“There’s no space or time or support for that,” Deasy added. “The priority for the city became development, commercial development. It’s created a different profile of a New Yorker. And for my taste, it’s not as interesting a profile.

“So, I’d like to see creativity come back. I’d like us to be not all about the bank.”

The IAW&A president said some people get concerned when major corporations or banks relocate to states like Florida, but she feels we ought to be just as concerned about the health of smaller businesses.

“If the people of New York saw that [supporting and investing in smaller businesses] as a priority, I think we would be in a better and stronger community and a more creative community. And I think that artists would feel part of the conversation.”

The arts makes an important contribution “to community togetherness, to mental health, our understanding of each other. Unfortunately in this country we don’t value that. We don’t have that tradition.”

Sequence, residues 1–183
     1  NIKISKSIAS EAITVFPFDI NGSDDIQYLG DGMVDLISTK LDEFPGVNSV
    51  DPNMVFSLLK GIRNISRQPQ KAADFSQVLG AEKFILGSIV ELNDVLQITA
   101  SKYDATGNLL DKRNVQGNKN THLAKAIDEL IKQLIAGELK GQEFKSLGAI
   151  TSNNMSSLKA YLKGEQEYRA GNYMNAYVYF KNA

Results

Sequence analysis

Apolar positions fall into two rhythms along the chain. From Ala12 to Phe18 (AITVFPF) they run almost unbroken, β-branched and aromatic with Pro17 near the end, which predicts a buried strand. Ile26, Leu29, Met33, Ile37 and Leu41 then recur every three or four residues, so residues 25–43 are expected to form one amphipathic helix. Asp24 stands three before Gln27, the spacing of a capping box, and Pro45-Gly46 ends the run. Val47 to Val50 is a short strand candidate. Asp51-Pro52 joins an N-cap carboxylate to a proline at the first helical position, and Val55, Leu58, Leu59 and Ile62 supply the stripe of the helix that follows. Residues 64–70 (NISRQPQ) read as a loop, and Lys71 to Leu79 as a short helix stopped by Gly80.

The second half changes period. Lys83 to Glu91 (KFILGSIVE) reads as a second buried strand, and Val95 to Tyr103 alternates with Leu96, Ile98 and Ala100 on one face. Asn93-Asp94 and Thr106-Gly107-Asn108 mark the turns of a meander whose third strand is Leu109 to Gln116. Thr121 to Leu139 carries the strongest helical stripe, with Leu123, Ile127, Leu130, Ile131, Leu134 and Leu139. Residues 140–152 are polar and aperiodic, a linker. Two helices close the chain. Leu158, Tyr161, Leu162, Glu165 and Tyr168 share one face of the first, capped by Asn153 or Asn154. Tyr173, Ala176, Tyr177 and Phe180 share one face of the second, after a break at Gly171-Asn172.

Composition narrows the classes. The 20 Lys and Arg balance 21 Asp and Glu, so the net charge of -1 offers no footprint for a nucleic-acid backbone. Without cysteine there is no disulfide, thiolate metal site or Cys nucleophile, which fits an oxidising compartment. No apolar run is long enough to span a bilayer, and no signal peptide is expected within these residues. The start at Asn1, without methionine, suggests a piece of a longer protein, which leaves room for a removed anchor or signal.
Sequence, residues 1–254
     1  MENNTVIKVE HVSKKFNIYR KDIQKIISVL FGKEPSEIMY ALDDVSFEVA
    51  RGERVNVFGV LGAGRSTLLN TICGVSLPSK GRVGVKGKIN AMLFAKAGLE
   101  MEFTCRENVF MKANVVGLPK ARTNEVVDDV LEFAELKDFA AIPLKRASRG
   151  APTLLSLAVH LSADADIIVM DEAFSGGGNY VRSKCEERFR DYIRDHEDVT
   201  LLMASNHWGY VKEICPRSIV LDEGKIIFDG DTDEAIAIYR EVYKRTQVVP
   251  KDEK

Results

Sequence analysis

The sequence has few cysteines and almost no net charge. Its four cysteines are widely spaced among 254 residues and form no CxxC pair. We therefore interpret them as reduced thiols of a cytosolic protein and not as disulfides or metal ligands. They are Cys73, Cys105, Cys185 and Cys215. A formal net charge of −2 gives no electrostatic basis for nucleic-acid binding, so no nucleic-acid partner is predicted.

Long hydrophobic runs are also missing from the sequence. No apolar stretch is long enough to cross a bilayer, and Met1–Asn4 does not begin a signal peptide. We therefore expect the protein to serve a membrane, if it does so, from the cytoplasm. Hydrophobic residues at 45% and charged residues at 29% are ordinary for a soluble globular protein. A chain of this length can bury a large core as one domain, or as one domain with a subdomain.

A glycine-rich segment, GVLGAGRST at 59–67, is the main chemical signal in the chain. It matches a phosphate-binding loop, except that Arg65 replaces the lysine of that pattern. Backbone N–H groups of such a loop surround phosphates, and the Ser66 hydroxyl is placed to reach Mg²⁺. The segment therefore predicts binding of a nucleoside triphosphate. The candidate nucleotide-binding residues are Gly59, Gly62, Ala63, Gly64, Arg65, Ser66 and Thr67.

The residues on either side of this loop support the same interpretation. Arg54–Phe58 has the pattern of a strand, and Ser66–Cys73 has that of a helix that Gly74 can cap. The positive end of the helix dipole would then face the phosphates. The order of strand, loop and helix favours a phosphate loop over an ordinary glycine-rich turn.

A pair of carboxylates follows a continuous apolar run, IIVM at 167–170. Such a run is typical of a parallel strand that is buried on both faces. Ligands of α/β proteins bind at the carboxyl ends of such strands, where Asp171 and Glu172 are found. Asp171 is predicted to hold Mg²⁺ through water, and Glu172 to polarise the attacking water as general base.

There is, though, a long tradition in New York of people pursuing their vocation, their talent, their dream while also holding down the “day job.”

In Deasy’s case, it was a night job as a paralegal, so she could be free to audition for stage and screen roles during the day.

“That lifestyle -- that’s hard. It’s a lot of work. I did it because I love it,” she said. “Earning a consistent living is just not the norm. A little part of you has to be illogical and insane to do any of this.

“It’s not something that society always makes room for or government supports.

“I would hope that the next mayor would have that understanding,” Deasy said.